WORK, EAT, SWEAT, PLAY IN NEW YORK CITY
Six months into moving to NYC, I’ve finally found a rhythm and routine to my daily life. Caught up in the hustle and bustle of the city (and also drowning in my immense grad student workload), life until now consisted of dazed subway rides, half-eaten sandwiches, and trying desperately to digest seven or eight non-fiction books a week. But things are a lot simpler these days. Or maybe life is just as chaotic, but I’ve found a structure to string everything together.
The rhythm goes like this: work, eat, sweat, play. Go to sleep at the end of the day, and start it all over again tomorrow.
Working, eating, and playing are fairly straightforward; they’re either mandatory, or instinctual. But I’d noticed in the past few months that my commitment to keeping healthy had been compromised by my busy schedule, so I made a conscious effort to reintegrate working out into my routine.
As an urban planning and design student, I honestly believe that spaces can transform the way we interact with other people on a daily basis. More than that, spaces have a sort of spiritual ability to influence the way we think about ourselves.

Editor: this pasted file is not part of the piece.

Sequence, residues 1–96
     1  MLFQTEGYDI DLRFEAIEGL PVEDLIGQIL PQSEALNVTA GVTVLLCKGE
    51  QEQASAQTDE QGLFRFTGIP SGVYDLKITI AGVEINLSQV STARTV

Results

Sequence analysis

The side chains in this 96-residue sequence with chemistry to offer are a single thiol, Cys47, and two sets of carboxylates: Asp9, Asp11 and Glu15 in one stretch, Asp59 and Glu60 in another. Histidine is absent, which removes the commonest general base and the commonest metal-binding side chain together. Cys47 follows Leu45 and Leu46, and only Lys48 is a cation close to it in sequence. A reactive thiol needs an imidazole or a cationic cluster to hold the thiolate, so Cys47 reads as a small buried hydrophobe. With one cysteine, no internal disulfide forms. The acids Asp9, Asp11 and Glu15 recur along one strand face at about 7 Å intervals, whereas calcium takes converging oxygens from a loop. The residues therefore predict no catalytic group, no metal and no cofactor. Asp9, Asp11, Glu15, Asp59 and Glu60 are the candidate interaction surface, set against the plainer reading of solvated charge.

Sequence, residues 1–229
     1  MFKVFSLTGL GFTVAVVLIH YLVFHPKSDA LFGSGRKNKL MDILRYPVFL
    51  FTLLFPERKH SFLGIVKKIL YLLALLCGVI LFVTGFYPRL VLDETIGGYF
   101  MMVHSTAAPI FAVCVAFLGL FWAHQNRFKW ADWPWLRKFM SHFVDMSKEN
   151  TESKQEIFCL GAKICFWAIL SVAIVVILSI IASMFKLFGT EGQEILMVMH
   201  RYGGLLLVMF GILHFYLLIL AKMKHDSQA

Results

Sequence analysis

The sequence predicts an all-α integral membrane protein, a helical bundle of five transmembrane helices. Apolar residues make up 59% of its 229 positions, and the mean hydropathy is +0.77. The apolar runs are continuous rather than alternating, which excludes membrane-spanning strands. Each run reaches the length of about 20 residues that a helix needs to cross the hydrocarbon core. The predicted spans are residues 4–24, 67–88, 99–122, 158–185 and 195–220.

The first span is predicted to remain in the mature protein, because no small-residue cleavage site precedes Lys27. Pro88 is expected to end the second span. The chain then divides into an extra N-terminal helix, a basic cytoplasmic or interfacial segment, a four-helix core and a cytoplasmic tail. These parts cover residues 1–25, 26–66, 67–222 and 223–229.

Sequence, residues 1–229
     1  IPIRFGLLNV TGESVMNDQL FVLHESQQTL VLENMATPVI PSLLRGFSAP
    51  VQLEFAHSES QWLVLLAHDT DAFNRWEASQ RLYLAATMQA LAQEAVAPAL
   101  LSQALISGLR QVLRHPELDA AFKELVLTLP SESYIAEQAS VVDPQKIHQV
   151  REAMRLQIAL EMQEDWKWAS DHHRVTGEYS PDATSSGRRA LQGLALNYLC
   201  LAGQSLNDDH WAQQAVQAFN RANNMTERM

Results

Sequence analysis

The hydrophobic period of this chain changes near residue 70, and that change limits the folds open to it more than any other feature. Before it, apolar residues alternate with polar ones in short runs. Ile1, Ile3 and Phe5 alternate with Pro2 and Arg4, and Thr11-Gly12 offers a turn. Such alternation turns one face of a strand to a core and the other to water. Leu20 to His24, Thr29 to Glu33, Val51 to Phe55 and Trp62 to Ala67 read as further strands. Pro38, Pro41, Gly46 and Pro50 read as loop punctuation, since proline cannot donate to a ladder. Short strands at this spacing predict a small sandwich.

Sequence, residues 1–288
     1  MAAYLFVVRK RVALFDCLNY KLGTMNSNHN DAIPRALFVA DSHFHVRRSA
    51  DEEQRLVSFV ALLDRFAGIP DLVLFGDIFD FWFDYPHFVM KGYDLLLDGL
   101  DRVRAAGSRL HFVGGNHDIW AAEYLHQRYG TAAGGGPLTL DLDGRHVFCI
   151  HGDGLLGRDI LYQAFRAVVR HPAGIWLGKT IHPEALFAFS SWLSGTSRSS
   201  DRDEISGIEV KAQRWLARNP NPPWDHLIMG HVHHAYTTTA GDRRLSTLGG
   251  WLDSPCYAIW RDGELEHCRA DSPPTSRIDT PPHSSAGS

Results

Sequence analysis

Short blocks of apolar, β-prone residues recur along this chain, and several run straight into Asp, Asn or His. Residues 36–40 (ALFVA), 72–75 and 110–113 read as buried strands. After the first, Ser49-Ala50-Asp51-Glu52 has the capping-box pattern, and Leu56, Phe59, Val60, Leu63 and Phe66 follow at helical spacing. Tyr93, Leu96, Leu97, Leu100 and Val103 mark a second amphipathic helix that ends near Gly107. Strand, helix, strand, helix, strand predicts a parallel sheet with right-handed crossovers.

Now I know that sounds like some abstract hippie drivel, but hear me out. I’m talking about that feeling you get when you step foot in a beautifully constructed library, and you suddenly feel like reading more books.
In that same vein, some of my favorite ways to work out in the city are deeply and intricately tied to the beauty of where they take place. From evening runs in Riverside Park on the Upper West Side, to empowering barre classes at beautifully-designed Physique 57 studios all around the city, I’ve found an easy, albeit slightly superficial, method of motivating myself to keep fit.
Here are some of my favorite workouts in the city:
1) Running along the Hudson River at Riverside Park.
2) Barre classes at Physique 57.
3) MMA classes at Radical MMA.
4) “Boxing” classes at Rumble Boxing.
5) Swimming at the university pool. Hey, gotta make those facilities fees count for something!
Find your rhythm and get moving!
Author: Sarah R. Sim, Graduate School of Arts & Sciences / Columbia